And He's Not the Only One Who's Sore

"Maybe I'm tired of sharing my story with the world."

—Demi Lovato, lashing out at online fans via Twitter in the wake of much-publicized pictures showing Demi and Nicki Minaj having an obviously awkward encounter at the recent Met Gala [foxnews.com, 5/5/16; twitter.com/ddlovato, 5/5/16]

Getting 'Angry' About Marketing

Usually, moviemakers don't want fans to have their phones out during a showing. Not so with the forthcoming big screen adaptation of the hugely popular Angry Birds video game. Rovio Entertainment is including a special code in the credits inspired by the mobile gaming sensation that will hatch an exclusive level for a new pinball-inspired game called Angry Birds Action! "It's really about continuing the story," said Miika Tams, vice president of games at the Finland-based studio Rovio. "Everyone is usually distracted after watching a movie, but we wanted audiences to be distracted by wanting to go back into the game." [AP, 4/28/16]

Deadpool 'Changed the Game'

"That door is open because of Deadpool. That door is only open because of Deadpool. Look, R was something everyone ran from, and … [20th Century Fox] placed a huge bet on Deadpool. Nobody else was making an R-rated superhero movie, and no one has made one in a long, long time. Everyone has embraced the family-friendly Disney approach, which is great. I see all of those movies, and I take my kids. But I grew up on Predator, Alien and Terminator. People forget, but those were R-rated movies. So Deadpool put its money where its mouth is, and it changed the game."

Deadpool creator Rob Liefeld [mtv.com, 5/11/16]

Driving Under the Influence(s)

Forty-six states ban texting while driving, according to the Governors Highway Safety Association. Yet despite the presence of such bans and public service campaigns intended to discourage this dangerous behavior, all indicators point to the fact that many folks aren't listening. The New York Times reports that driving fatalities have increased about 8% since 2015 after gradually decreasing for years. And the bicycling site icebike.com reports that a staggering 25% of car accidents in the U.S. involve texting while driving, a combination that the site also says is six times more likely to result in an accident than drinking and driving.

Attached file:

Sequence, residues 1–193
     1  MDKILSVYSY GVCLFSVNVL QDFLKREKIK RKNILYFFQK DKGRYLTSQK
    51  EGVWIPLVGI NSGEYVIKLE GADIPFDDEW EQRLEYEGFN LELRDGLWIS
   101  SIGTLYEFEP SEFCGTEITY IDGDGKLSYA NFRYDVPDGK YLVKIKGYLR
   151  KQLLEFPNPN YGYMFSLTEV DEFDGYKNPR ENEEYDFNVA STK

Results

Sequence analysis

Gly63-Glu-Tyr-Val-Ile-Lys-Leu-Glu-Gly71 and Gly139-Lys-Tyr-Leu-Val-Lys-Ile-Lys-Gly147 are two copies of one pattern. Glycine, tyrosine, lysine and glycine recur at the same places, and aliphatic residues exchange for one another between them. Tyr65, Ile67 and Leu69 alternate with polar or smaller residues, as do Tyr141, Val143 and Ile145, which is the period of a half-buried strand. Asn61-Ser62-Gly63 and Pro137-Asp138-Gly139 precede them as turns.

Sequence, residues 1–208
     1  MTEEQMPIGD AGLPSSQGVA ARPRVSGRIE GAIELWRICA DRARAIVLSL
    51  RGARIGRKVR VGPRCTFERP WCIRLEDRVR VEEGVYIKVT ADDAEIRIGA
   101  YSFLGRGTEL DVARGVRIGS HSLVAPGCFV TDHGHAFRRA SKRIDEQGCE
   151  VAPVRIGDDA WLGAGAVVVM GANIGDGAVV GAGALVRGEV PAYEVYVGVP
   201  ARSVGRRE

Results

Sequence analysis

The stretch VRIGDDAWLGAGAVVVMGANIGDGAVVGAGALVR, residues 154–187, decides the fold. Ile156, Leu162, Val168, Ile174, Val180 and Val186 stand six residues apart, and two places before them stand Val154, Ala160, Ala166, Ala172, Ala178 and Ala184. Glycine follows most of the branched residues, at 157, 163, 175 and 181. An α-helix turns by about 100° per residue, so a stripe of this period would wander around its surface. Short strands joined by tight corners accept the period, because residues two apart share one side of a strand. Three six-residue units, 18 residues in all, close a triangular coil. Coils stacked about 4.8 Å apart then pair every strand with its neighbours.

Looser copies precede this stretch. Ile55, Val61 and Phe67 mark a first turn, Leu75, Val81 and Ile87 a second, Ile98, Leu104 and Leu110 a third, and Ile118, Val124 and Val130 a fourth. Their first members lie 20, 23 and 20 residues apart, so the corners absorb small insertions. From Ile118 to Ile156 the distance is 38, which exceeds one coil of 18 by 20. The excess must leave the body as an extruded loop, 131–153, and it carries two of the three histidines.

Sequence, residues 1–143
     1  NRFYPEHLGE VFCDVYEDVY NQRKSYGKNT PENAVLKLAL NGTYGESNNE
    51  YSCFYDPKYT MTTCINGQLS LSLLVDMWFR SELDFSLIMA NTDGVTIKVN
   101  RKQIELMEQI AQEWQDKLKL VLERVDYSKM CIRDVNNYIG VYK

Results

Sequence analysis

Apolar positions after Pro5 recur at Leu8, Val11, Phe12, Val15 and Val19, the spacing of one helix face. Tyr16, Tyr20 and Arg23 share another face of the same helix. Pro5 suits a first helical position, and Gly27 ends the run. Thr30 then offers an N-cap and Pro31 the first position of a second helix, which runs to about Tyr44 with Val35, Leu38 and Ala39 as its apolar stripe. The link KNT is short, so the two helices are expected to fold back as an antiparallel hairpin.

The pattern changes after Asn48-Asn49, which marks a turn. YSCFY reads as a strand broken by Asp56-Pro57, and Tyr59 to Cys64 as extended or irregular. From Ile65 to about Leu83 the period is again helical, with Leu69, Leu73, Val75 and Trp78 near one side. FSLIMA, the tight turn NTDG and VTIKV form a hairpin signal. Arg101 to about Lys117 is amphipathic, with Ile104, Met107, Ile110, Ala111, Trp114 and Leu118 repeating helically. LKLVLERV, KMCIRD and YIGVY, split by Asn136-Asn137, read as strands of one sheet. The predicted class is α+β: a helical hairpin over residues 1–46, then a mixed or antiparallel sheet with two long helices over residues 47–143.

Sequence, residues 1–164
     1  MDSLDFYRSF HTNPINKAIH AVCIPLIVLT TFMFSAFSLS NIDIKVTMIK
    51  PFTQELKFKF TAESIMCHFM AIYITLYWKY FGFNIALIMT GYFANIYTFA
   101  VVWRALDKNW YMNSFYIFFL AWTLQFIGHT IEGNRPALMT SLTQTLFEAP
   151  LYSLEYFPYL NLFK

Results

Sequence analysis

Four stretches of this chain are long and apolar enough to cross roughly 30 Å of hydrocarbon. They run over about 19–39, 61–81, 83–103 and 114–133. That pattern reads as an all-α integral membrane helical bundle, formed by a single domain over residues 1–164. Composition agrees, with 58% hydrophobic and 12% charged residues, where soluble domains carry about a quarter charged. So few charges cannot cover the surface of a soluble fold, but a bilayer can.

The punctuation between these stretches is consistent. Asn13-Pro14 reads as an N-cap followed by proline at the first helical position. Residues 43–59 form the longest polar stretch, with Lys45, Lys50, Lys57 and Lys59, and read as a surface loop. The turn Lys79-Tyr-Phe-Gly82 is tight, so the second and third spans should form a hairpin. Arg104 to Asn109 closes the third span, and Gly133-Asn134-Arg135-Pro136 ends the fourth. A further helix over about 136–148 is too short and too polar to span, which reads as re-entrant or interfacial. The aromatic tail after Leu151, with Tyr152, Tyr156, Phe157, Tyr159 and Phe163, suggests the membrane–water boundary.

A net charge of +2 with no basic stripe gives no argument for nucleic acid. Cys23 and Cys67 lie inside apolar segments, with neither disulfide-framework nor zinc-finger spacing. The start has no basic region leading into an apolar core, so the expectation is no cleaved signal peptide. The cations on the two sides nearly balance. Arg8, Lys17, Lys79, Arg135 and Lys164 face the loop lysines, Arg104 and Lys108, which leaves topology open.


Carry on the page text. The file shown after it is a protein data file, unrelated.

Meanwhile, since the state of Washington legalized recreational marijuana use in December 2012, fatal automobile accidents involving marijuana usage there have doubled, according to new research by the AAA Foundation for Traffic Safety. From 2010 to 2014, the percentage of drivers in fatal crashes with marijuana in their system was 8%. By 2013 to 2014, that number had more than doubled to 17%. "The significant increase in fatal crashes involving marijuana is alarming," said Peter Kissinger, president and CEO of the organization. "Washington serves as an eye-opening case study for what other states may experience with road safety after legalizing the drug." [nytimes.com, 4/28/16; icebike.org; ghsa.org, 5/16; edmunds.com, 5/11/16]

Stealing Fame in a 'Grand' Way

Grand Theft Auto III was one of six games to be induced into the World Video Game Hall of Fame this year. Other inductees include The Legend of Zelda, The Oregon Trail, The Sims, Sonic the Hedgehog and Space Invaders. [time.com, 5/9/16]